Hamilton man fuming over petrol station next door

Consultation clause 'lost in translation'

DANIEL ADAMS
Last updated 14:56 26/07/2013
 Paul Smart
BEN CURRAN/Fairfax NZ

BOXED IN: Mill St resident Paul Smart says council planning rules meant he had no say over a petrol station destined to be built next door to his home.

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A Hamilton family who lived alongside the V8 races for four years is now resigned to getting a 24-hour service station next door without any say, despite a 1999 agreement that they would be consulted.

Mill St resident Paul Smart said he and his family would have to share side by side access with a planned Z petrol station, but haven't had a say about effects on them because consents were issued without the proposal being notified, meaning there was no call for submissions.

City council staff considered the effects on Mr Smart did not warrant notification.

Mr Smart's home, on one of the city's busiest roads and a stone's throw from Waikato Stadium, sits alongside neighbouring properties which had their zoning changed from residential to commercial in 1999.

The deal at the time guaranteed it would be notified, and confirmed he was affected, he said.

Mr Smart has previously locked horns with authorities, challenging V8s race organisers in court when incoming promoters refused to honour the previous promoter's deal to fly the family to Australia when that event was being held.

He said his issue was not with the service station operators, but the council process that allowed consents to be granted without him having a say as the clauses enabling this had been ''lost in translation,'' as Mr Smart puts it, in effect disappearing between one district plan and the next.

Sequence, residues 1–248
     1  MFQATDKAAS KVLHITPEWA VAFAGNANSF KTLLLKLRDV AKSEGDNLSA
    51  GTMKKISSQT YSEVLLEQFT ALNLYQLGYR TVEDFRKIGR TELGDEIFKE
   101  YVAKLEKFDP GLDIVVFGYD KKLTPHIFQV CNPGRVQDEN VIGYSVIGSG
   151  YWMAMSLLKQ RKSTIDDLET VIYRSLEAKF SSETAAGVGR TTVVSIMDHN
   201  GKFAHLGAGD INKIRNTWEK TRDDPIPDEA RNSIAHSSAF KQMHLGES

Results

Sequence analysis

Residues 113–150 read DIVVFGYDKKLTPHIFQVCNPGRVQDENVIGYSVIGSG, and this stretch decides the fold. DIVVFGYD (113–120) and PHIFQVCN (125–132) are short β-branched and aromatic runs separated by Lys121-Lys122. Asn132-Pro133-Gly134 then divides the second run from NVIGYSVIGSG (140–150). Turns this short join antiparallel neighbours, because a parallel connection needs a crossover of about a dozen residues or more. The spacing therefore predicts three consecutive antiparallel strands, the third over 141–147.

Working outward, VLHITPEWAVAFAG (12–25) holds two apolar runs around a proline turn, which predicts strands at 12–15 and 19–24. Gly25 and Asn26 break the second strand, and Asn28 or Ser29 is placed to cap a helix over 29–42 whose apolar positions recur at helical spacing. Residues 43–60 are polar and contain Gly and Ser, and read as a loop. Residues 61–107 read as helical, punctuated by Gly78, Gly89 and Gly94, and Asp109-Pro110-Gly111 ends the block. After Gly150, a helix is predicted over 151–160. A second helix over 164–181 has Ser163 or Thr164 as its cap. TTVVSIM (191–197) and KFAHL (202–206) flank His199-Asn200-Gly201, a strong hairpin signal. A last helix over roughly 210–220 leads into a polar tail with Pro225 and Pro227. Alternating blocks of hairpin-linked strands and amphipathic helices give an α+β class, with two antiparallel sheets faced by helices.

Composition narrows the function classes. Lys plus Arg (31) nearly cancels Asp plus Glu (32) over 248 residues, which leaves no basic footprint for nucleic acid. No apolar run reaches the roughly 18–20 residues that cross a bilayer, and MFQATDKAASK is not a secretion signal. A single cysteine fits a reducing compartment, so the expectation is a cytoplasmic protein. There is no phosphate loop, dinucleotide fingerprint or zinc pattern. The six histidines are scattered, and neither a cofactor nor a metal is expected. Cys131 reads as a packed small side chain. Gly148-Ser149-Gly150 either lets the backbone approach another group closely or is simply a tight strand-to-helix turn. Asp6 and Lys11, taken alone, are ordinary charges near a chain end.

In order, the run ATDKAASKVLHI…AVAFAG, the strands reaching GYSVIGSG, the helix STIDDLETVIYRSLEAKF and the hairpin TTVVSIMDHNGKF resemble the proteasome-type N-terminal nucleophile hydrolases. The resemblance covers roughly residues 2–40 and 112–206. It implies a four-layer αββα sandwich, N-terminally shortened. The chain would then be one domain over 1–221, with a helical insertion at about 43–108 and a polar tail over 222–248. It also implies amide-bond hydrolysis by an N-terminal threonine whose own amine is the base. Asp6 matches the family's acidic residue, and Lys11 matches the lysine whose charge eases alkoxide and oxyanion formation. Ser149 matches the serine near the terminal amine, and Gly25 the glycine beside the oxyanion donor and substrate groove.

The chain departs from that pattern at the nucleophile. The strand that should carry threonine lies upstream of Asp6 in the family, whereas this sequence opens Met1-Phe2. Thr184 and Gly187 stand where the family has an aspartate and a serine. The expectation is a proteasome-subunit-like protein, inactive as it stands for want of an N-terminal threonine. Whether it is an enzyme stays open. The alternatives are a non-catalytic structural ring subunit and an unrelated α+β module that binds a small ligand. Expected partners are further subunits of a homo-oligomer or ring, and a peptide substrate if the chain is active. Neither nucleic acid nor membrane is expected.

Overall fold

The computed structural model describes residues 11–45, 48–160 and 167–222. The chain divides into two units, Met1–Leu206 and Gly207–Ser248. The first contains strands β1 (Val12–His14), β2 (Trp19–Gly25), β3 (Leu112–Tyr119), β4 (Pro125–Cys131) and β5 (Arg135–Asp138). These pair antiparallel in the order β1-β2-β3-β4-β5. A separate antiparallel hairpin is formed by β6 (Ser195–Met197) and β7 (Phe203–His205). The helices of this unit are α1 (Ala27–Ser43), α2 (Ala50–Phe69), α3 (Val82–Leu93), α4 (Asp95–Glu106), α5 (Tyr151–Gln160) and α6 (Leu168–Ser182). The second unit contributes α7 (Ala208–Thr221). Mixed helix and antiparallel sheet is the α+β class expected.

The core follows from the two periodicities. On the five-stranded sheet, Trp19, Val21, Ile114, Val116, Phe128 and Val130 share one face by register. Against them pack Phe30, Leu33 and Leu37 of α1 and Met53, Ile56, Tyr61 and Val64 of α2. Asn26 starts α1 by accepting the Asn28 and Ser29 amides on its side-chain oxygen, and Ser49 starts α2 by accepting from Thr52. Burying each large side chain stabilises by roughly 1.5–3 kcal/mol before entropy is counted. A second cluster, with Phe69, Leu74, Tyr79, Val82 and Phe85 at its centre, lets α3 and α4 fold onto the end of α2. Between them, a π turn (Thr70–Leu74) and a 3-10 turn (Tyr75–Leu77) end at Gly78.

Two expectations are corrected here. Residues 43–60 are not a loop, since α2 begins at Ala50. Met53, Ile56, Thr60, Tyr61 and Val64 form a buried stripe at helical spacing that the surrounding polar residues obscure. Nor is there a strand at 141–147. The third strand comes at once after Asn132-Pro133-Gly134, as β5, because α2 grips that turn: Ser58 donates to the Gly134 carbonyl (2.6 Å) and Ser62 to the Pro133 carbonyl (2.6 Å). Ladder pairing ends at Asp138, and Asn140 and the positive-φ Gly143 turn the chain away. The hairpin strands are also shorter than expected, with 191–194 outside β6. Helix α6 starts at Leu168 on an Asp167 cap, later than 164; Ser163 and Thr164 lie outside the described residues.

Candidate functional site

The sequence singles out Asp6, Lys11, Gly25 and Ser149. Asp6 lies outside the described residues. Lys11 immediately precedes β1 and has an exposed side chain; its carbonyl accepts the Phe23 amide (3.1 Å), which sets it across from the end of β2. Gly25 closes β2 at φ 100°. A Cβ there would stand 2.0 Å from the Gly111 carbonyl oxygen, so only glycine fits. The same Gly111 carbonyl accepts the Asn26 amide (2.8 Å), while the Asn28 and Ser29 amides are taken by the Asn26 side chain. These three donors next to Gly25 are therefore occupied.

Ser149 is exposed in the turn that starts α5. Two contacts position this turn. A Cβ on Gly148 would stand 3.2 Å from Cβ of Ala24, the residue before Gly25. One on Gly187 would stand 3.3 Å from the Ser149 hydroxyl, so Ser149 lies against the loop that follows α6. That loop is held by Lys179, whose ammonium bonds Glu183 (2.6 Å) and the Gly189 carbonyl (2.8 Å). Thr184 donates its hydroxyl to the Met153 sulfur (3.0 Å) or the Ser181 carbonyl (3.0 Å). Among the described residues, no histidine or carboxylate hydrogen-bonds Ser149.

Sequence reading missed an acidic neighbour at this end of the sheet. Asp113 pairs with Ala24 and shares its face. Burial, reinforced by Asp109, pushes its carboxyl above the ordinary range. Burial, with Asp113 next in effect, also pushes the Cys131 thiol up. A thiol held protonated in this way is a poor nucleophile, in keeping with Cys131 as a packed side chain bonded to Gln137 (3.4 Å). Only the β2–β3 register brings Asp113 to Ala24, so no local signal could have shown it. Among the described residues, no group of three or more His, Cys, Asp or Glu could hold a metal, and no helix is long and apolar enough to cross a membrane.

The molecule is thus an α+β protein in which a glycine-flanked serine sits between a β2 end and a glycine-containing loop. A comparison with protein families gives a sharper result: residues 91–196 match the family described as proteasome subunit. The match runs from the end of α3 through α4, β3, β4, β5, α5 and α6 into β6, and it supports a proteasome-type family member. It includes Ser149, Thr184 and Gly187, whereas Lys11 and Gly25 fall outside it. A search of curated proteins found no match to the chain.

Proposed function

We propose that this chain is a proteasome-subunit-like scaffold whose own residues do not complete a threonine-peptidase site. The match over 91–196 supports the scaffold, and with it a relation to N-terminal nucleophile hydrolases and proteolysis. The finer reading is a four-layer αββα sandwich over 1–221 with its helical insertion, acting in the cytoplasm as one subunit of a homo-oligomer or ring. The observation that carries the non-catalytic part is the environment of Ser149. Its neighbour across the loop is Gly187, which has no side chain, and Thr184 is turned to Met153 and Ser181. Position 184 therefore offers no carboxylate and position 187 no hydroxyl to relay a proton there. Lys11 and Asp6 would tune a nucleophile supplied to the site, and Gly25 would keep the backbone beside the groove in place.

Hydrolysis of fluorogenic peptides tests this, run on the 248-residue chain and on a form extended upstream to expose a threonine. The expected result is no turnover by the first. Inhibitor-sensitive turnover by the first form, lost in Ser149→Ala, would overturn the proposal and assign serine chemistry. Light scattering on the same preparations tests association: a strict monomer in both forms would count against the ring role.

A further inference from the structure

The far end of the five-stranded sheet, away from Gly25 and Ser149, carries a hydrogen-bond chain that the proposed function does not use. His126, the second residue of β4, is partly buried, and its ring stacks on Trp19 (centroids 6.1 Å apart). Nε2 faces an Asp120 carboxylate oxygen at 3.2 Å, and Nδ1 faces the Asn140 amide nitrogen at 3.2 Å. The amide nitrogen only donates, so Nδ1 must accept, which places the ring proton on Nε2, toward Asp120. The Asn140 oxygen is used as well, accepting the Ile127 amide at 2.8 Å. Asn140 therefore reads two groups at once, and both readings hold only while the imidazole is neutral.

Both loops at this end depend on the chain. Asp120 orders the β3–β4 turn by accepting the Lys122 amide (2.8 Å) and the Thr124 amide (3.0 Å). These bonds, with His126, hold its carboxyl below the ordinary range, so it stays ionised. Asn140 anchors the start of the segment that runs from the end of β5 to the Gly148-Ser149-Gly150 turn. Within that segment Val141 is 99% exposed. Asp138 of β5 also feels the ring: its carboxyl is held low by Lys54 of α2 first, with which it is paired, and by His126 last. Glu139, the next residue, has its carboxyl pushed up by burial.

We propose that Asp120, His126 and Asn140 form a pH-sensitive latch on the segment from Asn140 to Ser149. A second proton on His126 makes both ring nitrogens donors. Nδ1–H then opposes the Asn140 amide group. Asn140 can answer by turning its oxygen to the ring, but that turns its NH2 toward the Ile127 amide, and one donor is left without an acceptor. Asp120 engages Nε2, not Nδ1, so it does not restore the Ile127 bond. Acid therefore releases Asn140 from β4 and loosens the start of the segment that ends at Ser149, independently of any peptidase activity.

Mr Smart said there was no way he could afford to challenge the outcome, so would have to wear ''the adverse effects of a service station right next door to me with no consultation. I've just rung my lawyer, she said it would cost tens of thousands of dollars [to seek a judicial review of the consent process].''

''I'm just a little guy, I just want to be treated fairly. To them, it's just business.''

City environments general manager Brian Croad said automatic public notification for garages did not carry through to the current district plan. 

When the current district plan was first drafted appeals against the relevant plan change were unresolved, and the eventual outcomes were never included in the new draft plan, or raised by the public in submissions, said Mr Croad.

Councillors who listened to Mr Smart's plight at a committee meeting this week were split over the issue, with some expressing sympathy for him, and others less benevolently suggesting he talk to his lawyers.

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